Despite the COVID-19 pandemic, housing prices are increasing


Gustas Germanavičius October 15, 2020


After the serious implications of the 2008-2009 World’s Financial crisis, many people considered investments in housing as high risk and likely to be impacted again in another Economic turmoil. Surprisingly, during the worldwide pandemic of COVID-19, the data, provided by the Economist in their recent article suggests the opposite. The real estate prices in most middle and high-income countries have picked up and risen at an annual rate of 5% during the second quarter (graph below).

Source: The Economist

There are a few reasons for that. First, it has been suggested by studies that real estate prices increase have a strong link with the falling interest rates. During the pandemic, the interest rate in the US and certain EU states has fallen. Secondly, due to the reason, that the other asset classes had their returns decreased, the landlords are willing to pay a price premium on the property. Lastly, as we have seen in Ireland prior to COVID-19 the shortage of housing, draws the prices up and creates a perfect environment for new real estate developments. The experience of the last recession and especially in Ireland, suggests that even when the economy recovers, construction lags behind. It may take more than a pandemic to shake the world’s largest asset class.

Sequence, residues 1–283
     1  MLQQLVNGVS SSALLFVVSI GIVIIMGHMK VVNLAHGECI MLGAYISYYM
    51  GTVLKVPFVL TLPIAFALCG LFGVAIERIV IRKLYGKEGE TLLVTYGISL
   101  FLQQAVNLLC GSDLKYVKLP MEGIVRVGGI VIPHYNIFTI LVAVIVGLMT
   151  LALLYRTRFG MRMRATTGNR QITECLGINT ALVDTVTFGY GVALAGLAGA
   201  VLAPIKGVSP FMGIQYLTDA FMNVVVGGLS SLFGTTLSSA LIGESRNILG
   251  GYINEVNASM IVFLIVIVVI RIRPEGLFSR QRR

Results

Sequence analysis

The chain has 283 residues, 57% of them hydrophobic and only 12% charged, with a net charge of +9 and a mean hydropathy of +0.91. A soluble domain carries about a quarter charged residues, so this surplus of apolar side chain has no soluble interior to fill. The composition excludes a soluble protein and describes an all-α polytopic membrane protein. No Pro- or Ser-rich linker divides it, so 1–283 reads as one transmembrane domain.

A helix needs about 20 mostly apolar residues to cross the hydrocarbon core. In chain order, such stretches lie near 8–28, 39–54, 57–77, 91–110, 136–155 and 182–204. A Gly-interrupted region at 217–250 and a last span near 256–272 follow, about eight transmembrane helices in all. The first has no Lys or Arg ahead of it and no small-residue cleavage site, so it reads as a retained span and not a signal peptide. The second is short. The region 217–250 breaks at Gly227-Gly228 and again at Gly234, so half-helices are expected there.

Other measures directly support the housing market. In Latvia as in Spain, the borrowers were allowed to suspend their debt repayments. An interesting data is that across the World, countries are recording the lowest foreclosure rates in decades.

Invelar’s founder Carles Seradell, runs a franchise network of real estate brokerages in Catalonia, Spain. He explains, that they have never in their history sold as many houses as they are doing it right now. However, buyers’ preferences have changed, while before Carles’ franchises have been selling most of its real estate in Barcelona, now the buyers are looking for houses in Girona and other cities in Costa Brava. A similar trend is currently observed in Lithuania, where people have urged to buy houses by the seaside and the development industry saw a significant increase in new developments in the countryside for a secondary house

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